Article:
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Gene Therapy Restores Hearing in Mice

There are many causes of hearing loss—and plenty of scientists researching cures or prevention.

Recently, the HLM Blog covered some new progress in the fight against noise-induced hearing loss, and also toward preventing some hearing loss caused by antibiotics. This month, science made another big leap forward, this time in the ongoing work to cure genetic hearing loss through gene therapy.

Mutations in the TMC1 gene are responsible for 4 to 8 percent of genetic hearing loss. For humans, different types of mutations in this gene result in deafness by age 2 and also in gradual hearing loss, starting around age 10 or 15.

But what if we could replace the faulty gene with a healthy one? That was the thinking of scientists at Boston Children’s Hospital and Harvard Medical School. In a study published earlier this month, scientists created a healthy version of a TMC1 gene. Using a virus to package and deliver the gene, they injected it into the inner ears of mice who had the genetic mutation…and restored their hearing.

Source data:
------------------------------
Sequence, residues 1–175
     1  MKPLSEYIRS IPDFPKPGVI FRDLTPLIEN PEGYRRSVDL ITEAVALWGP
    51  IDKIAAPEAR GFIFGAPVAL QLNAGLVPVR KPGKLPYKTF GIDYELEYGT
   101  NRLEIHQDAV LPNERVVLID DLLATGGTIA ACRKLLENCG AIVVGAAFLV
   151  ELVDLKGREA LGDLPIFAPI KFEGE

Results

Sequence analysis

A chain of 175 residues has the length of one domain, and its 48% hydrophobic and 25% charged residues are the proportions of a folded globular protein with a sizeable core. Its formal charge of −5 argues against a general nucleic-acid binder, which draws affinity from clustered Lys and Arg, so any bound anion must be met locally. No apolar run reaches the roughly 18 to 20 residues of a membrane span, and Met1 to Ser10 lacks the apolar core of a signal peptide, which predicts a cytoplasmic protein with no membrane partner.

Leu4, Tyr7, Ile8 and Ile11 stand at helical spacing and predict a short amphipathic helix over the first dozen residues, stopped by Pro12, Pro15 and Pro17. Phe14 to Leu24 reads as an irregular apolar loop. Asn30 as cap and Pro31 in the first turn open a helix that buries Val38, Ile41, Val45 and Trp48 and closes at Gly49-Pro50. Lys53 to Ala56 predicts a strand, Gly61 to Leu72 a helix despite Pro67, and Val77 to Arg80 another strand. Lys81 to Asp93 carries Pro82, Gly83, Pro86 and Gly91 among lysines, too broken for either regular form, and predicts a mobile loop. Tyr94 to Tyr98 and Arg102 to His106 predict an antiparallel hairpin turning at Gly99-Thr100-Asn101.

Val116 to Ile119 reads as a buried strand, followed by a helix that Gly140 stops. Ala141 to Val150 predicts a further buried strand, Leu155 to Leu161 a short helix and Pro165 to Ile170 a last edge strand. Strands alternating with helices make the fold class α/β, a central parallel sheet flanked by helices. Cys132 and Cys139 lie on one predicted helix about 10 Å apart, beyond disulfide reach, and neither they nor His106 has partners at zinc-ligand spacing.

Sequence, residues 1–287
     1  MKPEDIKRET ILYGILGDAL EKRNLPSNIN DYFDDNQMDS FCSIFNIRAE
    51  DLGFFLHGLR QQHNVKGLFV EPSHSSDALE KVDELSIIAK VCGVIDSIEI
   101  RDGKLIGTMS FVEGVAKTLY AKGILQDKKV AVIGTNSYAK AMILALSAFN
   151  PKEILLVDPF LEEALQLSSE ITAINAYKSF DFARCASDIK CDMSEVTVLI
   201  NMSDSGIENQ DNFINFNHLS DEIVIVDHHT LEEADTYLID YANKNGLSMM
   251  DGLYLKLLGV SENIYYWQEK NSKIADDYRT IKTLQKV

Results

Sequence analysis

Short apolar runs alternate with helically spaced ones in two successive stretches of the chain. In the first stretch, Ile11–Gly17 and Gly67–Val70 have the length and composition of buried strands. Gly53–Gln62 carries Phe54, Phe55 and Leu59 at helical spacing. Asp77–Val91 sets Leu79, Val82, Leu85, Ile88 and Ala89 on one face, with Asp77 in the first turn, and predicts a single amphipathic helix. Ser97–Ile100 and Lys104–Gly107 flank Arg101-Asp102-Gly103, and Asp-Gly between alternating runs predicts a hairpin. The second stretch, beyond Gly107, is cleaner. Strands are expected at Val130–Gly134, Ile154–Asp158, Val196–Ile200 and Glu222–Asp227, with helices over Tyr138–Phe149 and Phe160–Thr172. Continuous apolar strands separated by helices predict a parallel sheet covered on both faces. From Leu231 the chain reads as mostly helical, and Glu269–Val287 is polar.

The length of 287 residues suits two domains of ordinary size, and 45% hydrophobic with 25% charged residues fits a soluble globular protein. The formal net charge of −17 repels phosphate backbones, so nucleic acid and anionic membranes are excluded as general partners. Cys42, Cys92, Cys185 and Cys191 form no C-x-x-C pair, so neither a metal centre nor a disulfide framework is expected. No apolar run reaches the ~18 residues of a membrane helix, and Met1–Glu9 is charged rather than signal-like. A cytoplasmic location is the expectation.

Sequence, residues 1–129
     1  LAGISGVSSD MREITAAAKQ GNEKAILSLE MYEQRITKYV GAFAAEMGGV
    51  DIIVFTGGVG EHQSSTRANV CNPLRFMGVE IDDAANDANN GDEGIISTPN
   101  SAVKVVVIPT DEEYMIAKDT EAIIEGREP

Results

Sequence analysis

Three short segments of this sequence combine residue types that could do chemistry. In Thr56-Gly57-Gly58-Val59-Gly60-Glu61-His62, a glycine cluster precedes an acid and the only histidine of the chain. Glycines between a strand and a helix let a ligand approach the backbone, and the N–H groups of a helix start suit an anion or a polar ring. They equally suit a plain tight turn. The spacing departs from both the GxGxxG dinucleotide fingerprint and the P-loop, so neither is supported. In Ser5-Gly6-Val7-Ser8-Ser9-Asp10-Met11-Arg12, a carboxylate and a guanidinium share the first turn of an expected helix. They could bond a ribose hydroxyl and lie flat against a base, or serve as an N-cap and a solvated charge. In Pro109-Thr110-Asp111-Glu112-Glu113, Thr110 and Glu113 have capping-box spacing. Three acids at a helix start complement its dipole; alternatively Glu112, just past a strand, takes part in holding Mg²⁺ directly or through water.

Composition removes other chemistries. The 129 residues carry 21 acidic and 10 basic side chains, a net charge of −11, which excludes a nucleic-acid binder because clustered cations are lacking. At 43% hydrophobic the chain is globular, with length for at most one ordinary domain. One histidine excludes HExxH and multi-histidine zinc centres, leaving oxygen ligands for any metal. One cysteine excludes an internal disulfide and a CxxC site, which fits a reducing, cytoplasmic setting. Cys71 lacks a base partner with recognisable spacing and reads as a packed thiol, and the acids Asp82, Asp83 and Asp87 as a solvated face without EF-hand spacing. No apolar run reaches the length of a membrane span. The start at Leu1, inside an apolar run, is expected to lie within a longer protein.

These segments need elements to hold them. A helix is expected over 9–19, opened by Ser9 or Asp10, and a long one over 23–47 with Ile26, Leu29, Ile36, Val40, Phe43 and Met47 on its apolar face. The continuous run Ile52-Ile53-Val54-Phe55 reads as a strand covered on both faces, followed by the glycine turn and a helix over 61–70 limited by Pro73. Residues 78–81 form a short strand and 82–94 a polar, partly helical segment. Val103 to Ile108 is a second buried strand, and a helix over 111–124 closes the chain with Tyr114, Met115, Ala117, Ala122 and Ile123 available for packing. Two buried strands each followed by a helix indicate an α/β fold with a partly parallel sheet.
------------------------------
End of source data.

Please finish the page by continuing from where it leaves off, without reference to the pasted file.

Much more research is required to make this a viable solution for restoring human hearing, but researchers are clearly on the right track. Read more about the study and let us know what you think in the comments.

Editorial Staff
Editorial Staff
I work at Phonak and write for HearingLikeMe.com.